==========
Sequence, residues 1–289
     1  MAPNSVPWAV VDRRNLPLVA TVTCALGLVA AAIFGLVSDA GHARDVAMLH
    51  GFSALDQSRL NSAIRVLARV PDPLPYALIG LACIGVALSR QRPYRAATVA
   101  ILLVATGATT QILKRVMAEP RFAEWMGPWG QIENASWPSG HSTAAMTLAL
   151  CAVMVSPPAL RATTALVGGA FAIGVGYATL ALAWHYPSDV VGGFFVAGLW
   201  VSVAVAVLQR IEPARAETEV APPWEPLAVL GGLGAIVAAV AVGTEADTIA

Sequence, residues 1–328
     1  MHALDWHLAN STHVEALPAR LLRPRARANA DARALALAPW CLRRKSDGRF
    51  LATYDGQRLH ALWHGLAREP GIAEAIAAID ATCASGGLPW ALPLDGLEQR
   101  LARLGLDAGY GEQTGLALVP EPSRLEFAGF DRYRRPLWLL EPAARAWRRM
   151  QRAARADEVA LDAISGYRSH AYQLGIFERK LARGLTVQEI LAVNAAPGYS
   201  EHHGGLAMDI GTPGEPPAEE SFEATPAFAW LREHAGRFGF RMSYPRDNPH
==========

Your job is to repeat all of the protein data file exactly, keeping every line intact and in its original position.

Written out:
Sequence, residues 1–289
     1  MAPNSVPWAV VDRRNLPLVA TVTCALGLVA AAIFGLVSDA GHARDVAMLH
    51  GFSALDQSRL NSAIRVLARV PDPLPYALIG LACIGVALSR QRPYRAATVA
   101  ILLVATGATT QILKRVMAEP RFAEWMGPWG QIENASWPSG HSTAAMTLAL
   151  CAVMVSPPAL RATTALVGGA FAIGVGYATL ALAWHYPSDV VGGFFVAGLW
   201  VSVAVAVLQR IEPARAETEV APPWEPLAVL GGLGAIVAAV AVGTEADTIA

Sequence, residues 1–328
     1  MHALDWHLAN STHVEALPAR LLRPRARANA DARALALAPW CLRRKSDGRF
    51  LATYDGQRLH ALWHGLAREP GIAEAIAAID ATCASGGLPW ALPLDGLEQR
   101  LARLGLDAGY GEQTGLALVP EPSRLEFAGF DRYRRPLWLL EPAARAWRRM
   151  QRAARADEVA LDAISGYRSH AYQLGIFERK LARGLTVQEI LAVNAAPGYS
   201  EHHGGLAMDI GTPGEPPAEE SFEATPAFAW LREHAGRFGF RMSYPRDNPH